The world is watching
A moment of convergence seems to be happening as calls for accountability over President Duterte’s war on drugs are being made by various quarters in the international community at about the same time, making the concerted denunciations more difficult to drown out despite the irate reactions from Malacañang.
Earlier this week, Amnesty International (AI) issued a damning report that described Mr. Duterte’s 3-year-old centerpiece domestic policy as “nothing but a large-scale murdering enterprise for which the poor continue to pay the highest price.”
It spoke of police “operating with total impunity as they murder people from poor neighbourhoods whose names appear on manufactured ‘drug watch lists’ established outside of any legal process.”
The Philippine National Police has pegged the official number of deaths of “drug personalities” at 6,600 from July 2016 to the end of May 2019, or an average of six a day. But AI said it was “impossible” to determine the true extent of the carnage “due to the government’s tactics of deliberate obfuscation and misinformation.”
AI said every police operation it examined showed the police citing the same “buy-bust” justification that “doesn’t meet the feeblest standards of credibility.” As a forensic expert put it to the group, this justification “is so consistent, it’s a script.”
The London-based independent institution thus called on the United Nations to “immediately open an investigation into gross human rights violations and possible crimes against humanity committed as part of the ‘war on drugs.’”
AI’s report came just days after 27 nations, including France, Germany and the United Kingdom, backed a draft Iceland resolution urging the 47-member UN Human Rights Council to prepare “a comprehensive written report on the human rights situation in the Philippines.”
The resolution also prodded the Philippine government to “take all necessary measures to prevent extrajudicial killings (EJKs) and enforced disappearances” and conduct “impartial investigations and to hold perpetrators accountable in accordance with international norms and standards including the process and rule of law.”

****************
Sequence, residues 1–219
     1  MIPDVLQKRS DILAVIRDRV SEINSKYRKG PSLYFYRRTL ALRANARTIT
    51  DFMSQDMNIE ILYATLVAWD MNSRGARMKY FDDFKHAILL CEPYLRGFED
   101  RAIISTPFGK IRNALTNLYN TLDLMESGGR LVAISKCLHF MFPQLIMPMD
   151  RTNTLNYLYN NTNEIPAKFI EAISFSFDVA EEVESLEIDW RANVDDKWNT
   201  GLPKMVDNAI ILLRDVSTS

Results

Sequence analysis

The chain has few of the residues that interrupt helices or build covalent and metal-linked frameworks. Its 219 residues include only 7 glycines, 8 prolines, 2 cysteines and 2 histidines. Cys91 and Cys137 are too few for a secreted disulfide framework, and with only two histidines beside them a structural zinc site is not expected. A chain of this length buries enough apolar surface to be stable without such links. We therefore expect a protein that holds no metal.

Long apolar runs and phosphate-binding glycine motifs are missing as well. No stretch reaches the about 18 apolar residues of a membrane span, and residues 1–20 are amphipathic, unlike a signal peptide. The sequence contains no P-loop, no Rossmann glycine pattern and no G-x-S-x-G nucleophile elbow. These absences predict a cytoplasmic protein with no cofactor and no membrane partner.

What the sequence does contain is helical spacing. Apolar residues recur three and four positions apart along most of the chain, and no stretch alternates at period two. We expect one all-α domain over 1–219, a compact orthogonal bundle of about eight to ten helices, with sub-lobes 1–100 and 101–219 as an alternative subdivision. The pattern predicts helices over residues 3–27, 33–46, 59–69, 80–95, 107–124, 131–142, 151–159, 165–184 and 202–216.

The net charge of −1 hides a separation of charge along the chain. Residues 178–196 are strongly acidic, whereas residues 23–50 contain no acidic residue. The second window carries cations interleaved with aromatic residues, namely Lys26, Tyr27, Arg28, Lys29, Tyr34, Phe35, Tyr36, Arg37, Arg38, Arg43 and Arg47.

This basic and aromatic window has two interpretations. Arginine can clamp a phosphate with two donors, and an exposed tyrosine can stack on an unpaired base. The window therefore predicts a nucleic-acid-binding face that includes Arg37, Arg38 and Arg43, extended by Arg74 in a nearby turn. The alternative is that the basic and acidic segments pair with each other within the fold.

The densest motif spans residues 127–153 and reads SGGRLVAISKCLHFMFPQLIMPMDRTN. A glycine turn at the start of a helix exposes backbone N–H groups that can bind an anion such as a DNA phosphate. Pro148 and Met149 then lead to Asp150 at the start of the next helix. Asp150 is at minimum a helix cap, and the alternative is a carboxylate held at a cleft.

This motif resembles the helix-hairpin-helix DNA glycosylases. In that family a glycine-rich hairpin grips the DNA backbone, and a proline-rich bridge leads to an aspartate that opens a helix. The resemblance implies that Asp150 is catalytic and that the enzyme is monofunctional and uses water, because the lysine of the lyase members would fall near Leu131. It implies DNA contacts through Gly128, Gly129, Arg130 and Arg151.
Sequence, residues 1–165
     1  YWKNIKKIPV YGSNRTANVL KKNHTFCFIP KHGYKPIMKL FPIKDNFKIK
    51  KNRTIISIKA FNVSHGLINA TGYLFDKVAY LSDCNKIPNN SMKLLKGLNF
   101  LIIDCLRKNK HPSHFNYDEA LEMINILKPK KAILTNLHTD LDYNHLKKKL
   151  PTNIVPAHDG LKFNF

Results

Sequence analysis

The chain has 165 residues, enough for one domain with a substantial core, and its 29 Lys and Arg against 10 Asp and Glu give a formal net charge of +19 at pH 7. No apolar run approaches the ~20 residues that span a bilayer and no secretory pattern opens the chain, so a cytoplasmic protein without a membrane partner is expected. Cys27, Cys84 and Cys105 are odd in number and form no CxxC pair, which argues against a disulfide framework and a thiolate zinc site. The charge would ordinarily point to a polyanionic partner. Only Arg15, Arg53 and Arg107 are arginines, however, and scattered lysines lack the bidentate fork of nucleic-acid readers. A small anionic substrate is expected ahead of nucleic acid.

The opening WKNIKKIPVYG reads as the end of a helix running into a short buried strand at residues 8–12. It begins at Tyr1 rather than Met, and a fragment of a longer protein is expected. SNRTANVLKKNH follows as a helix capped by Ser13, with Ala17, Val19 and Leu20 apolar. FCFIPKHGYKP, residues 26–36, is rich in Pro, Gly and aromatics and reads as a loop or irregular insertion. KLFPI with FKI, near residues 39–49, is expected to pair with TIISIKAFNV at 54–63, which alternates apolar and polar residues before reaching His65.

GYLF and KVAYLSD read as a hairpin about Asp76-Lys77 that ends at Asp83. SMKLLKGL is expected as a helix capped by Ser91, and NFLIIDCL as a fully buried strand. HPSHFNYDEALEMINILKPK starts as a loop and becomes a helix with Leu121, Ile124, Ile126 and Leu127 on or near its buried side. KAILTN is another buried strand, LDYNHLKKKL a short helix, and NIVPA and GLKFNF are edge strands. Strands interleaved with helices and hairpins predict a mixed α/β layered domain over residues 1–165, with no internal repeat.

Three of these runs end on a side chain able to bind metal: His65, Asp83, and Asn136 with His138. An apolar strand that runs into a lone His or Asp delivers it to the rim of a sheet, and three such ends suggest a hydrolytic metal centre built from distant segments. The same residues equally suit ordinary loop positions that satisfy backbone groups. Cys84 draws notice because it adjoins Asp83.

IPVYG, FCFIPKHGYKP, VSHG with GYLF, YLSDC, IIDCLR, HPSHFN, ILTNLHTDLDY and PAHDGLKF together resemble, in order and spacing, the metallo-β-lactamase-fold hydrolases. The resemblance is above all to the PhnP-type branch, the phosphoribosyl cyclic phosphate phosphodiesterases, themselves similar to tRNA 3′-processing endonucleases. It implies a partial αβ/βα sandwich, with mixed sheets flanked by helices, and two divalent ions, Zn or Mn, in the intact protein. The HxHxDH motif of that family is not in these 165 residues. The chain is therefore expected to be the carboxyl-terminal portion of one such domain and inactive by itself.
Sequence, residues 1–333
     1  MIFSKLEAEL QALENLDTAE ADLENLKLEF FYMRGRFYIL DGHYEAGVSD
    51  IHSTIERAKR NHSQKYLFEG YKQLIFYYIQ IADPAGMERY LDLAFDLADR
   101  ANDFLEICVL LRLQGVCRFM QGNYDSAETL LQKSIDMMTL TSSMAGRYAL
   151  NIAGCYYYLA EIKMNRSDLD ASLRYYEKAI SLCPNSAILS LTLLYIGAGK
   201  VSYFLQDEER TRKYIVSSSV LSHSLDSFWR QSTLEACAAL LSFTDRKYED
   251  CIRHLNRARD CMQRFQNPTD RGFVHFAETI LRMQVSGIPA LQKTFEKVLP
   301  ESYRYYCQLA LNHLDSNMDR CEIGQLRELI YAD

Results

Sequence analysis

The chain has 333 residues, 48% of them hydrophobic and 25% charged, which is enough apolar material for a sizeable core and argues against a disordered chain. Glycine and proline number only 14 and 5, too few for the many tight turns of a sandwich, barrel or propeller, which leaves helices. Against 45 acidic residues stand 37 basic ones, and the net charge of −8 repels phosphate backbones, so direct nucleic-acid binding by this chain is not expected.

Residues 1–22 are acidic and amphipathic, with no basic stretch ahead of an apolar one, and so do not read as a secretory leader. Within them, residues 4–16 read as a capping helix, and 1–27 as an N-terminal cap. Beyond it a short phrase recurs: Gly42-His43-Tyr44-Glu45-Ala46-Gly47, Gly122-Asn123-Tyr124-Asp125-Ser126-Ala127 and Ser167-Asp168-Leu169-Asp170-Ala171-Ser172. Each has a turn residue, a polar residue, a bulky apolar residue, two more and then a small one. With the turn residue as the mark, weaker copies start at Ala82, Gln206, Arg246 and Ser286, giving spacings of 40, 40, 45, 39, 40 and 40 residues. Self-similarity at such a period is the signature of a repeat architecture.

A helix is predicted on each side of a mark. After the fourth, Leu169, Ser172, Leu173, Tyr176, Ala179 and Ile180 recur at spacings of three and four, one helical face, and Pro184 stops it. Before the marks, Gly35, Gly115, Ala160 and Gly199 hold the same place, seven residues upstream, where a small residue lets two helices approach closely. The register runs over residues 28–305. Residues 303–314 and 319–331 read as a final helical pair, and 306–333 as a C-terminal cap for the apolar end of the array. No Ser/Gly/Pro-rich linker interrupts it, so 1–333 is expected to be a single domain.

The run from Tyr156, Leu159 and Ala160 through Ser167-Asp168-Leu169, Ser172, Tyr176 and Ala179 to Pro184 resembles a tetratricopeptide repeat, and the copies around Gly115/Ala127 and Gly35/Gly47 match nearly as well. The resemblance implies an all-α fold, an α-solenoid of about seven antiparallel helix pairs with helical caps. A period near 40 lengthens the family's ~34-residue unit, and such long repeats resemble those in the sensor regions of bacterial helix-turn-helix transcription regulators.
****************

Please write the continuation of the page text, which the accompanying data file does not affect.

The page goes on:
The climate of impunity that has seen a “staggering” number of “unlawful deaths and police killings,” according to an earlier call by 11 UN independent special rapporteurs, has placed the Philippines near the top of a discreditable list: A new analysis by the Armed Conflict Location and Event Data project (Acled) said the country is now the fourth most dangerous place in the world for civilians, next only to India and conflict-ridden Syria and Yemen.
The US-based Acled, which monitors incidents of political violence and protest around the world, reported last week that violence against civilians in the Philippines “has continued unabated through the first half of 2019,” and that the deaths of some 490 civilians since the start of the year confirm “a wave of targeted attacks” traced directly to the antidrug campaign.
“President Rodrigo Duterte’s ‘war on drugs’ has driven this violence,” declared Acled.
It’s not, in fact, only international watchdogs that have expressed such concerns. The Supreme Court has a standing order for the turnover of all documents relating to EJKs to legal groups that, along with other valiant local organizations, have been at the forefront of the fight against the worst excesses of Mr. Duterte’s flagship campaign. But as AI Philippines’ Butch Olano pointed out, the PNP has yet to comply satisfactorily with the Court’s directive.
The Duterte administration has been typically apoplectic in response to these developments; presidential spokesperson Salvador Panelo called AI “incorrigible” and accused it of bias and prejudice.
Foreign Secretary Teodoro Locsin Jr., meanwhile, in a sign of the seriousness with which this administration looks at the issue, made an outlandish claim on Twitter: “If the Iceland resolution wins that means bonuses for everyone who worked for it — from the drug cartels.”
That is all, apparently, that the administration is willing to do — rip into international observers, accuse them of collusion with drug syndicates (the usual smear tactic against Filipino critics and dissenters) to duck and deflect the hard questions, instead of looking at how the war has claimed thousands of Filipino lives, and whether that grave cost justifies keeping the President’s pet project alive.
True to form, the Duterte administration will hiss and curse and foam at the mouth in defiance — but as the body count continues to rise, the world is watching, keeping close tabs.
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